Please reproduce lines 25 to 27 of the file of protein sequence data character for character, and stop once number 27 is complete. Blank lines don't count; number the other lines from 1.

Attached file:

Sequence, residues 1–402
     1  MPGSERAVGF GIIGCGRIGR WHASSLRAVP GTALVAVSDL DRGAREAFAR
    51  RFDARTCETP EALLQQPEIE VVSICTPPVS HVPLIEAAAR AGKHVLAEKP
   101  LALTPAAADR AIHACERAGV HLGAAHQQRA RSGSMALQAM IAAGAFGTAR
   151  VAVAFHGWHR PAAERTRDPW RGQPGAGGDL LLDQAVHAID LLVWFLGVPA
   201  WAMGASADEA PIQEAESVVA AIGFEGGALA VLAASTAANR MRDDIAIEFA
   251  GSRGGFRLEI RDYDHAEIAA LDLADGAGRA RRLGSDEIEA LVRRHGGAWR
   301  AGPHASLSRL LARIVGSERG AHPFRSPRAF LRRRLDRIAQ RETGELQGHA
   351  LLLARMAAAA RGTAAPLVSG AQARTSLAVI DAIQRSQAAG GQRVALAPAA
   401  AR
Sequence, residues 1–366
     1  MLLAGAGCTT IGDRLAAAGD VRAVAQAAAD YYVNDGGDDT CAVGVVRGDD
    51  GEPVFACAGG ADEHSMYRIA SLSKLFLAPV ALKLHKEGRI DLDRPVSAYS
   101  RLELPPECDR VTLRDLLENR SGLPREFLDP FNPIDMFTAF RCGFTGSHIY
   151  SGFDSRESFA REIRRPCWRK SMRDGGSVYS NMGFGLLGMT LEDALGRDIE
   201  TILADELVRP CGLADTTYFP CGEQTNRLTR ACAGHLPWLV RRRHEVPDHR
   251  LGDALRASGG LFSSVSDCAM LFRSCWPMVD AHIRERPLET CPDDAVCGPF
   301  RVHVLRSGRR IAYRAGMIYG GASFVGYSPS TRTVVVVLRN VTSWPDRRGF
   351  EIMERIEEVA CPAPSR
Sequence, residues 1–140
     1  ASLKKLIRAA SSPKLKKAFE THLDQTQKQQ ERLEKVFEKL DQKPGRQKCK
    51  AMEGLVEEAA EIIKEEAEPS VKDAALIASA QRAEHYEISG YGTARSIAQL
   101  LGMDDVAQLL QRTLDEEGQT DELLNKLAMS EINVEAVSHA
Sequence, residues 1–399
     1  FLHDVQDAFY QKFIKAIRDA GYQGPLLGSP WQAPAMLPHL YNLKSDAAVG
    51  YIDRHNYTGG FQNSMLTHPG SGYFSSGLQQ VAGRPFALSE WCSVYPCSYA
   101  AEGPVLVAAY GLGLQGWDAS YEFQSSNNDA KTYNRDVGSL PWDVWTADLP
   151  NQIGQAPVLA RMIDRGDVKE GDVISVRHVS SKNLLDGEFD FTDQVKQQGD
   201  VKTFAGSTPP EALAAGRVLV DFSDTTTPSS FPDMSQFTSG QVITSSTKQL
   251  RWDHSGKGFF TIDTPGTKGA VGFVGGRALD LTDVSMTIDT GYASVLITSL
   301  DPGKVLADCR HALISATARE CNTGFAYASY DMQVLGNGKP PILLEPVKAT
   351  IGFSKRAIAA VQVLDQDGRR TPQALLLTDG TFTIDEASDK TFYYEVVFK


     1  FLHDVQDAFY QKFIKAIRDA GYQGPLLGSP WQAPAMLPHL YNLKSDAAVG
    51  YIDRHNYTGG FQNSMLTHPG SGYFSSGLQQ VAGRPFALSE WCSVYPCSYA
   101  AEGPVLVAAY GLGLQGWDAS YEFQSSNNDA KTYNRDVGSL PWDVWTADLP